Running a start-up can be quite a tough task. The start-up development process covers the whole ecosystem — from the introduction of an idea to the actual use of the final product including its improvement and development. Each process needs detailed preparation before implementation. You need to dive deep into marketing, fundraising, and team selection and understand the basic development principles. Here are the six developmental stages of a newly established start-up.
Stages Of A Start-Up
- Pre-Seed Stage
- Seed Stage
- Early Stage
- Growth Stage
- Expansion Stage
- Exit Stage
1. Pre-Seed Stage
The pre-seed stage is one of the earliest stages of a start-up. This stage is the period in which a company’s founders are first getting their operations off the ground. The most common “pre-seed” funders are the founders themselves, as well as close friends, family, and supporters. The main source of finance is through their friends and family at this stage. This funding for this stage can happen quickly or may even take a long time. The investors at this stage are also not investing in exchange for equity in the company.
2. Seed Stage
In the seed stage, entrepreneurs use their finances or approach investors, for example, angel investors, venture capitalist firms, and family/friends to gain financial support for their newly established start-up. Seed funding helps a start-up plan for the market and establish its market research and product development.
3. Early Stage
The early stage is where a start-up has developed its idea, but it is not left to evolve into an actual product/service. The product will be launched but before that, it will be tested and made sure it’s an MVP (Minimum Viable Product). A minimum viable product (MVP) is an early product version with limited features, which is targeted at collecting customer feedback for further product development. This feedback is essential for a start-up to gain success in the market.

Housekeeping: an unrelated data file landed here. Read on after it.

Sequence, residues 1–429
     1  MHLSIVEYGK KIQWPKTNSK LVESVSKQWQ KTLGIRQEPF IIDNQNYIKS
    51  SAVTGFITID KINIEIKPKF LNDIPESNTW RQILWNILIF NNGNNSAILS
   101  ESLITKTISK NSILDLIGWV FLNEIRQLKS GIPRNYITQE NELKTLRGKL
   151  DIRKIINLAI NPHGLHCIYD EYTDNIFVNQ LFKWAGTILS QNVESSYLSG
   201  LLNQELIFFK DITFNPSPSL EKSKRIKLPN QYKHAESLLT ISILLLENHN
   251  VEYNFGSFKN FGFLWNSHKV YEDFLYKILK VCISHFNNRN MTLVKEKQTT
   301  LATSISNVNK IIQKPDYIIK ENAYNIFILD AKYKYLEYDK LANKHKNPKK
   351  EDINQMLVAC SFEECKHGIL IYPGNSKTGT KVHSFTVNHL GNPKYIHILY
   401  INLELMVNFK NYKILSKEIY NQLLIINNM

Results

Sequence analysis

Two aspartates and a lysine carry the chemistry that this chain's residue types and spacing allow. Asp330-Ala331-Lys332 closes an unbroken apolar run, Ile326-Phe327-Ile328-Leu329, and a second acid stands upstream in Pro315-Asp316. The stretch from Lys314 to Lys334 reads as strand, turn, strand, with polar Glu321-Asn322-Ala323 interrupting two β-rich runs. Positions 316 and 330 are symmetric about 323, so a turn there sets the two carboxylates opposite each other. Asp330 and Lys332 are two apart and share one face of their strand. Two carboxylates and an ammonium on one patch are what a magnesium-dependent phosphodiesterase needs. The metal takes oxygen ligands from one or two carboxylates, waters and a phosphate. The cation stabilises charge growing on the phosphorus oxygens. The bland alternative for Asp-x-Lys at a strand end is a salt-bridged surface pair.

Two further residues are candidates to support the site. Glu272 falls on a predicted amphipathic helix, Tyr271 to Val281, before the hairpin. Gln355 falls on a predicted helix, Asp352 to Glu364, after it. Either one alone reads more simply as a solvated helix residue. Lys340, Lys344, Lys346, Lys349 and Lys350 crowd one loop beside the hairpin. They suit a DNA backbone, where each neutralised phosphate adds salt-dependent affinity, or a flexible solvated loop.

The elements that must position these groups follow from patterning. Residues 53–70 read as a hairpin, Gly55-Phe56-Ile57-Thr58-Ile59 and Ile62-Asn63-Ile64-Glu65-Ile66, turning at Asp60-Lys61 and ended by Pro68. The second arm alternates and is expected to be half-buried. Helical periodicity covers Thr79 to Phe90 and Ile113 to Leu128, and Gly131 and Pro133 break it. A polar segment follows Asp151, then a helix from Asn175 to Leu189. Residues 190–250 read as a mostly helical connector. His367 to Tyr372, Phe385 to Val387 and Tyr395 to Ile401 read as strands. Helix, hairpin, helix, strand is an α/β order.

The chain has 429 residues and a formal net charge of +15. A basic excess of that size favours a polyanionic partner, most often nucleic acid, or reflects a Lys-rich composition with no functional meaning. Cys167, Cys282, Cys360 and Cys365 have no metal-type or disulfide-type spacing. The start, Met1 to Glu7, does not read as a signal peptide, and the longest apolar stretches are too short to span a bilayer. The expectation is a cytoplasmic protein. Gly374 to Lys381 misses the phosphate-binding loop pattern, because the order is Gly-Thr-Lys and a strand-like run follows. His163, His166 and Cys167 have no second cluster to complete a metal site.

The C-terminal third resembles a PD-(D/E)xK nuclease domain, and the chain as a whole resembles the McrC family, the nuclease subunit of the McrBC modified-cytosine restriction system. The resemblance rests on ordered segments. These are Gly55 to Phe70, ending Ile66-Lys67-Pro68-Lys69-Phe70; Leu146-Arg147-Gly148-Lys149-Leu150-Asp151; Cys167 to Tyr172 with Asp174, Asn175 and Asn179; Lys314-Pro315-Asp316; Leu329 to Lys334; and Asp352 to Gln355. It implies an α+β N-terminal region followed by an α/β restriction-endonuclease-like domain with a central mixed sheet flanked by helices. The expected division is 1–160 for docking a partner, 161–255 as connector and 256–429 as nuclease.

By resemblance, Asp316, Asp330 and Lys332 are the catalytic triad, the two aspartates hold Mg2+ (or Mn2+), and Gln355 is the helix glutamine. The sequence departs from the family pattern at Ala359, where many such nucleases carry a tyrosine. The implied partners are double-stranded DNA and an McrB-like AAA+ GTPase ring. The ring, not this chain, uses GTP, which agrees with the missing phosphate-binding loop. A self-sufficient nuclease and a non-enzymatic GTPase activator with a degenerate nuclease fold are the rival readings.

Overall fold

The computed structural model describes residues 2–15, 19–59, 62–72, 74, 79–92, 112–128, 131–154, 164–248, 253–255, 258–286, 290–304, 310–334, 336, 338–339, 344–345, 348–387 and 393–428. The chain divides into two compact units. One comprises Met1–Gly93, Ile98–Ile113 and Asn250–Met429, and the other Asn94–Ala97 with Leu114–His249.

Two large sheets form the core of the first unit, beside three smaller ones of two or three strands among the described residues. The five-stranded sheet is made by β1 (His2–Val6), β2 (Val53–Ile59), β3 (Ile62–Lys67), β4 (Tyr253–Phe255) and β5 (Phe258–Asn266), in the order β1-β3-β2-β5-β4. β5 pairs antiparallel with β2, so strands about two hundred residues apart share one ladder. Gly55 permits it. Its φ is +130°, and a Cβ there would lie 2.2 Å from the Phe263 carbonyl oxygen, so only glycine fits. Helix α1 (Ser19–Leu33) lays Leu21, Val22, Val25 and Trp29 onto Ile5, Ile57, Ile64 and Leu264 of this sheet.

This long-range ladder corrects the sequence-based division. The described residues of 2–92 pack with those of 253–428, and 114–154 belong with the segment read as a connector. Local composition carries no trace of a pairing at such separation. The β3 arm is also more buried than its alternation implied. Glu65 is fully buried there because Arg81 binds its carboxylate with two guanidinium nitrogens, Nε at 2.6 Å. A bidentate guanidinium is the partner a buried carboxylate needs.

4. Growth Stage
During the growth stage, a start-up would have achieved a decent source of income with its revenue and a committed customer base. At this stage, the company’s cash flows begin to grow at a speedy pace. With this, the company can employ more workers and will now have a well-defined business model and a defined marketing budget.
5. Expansion Stage
At this stage, a business would decide to expand its ventures by launching a new line of products or services. This would be done so to keep the business relevant and to increase sales. The business will have garnered enough growth in its marketing and distribution channels.
6. Exit Stage
This phase does not always take part among a lot of start-ups. Some start-ups have business models whose main objective is to become high-value and long-term companies. However, it is quite common for the last step of a start-up to performing an exit by selling the start-up. However, not many arrive at this stage and those who do are characterized by their strength, high potential, and opportunities to continue to grow.
For a start-up to be successful it is important to remember that each company is different and progresses between stages at different rates of time. A company should focus on its customers by catering to the customer’s needs and focusing on providing quality goods and services.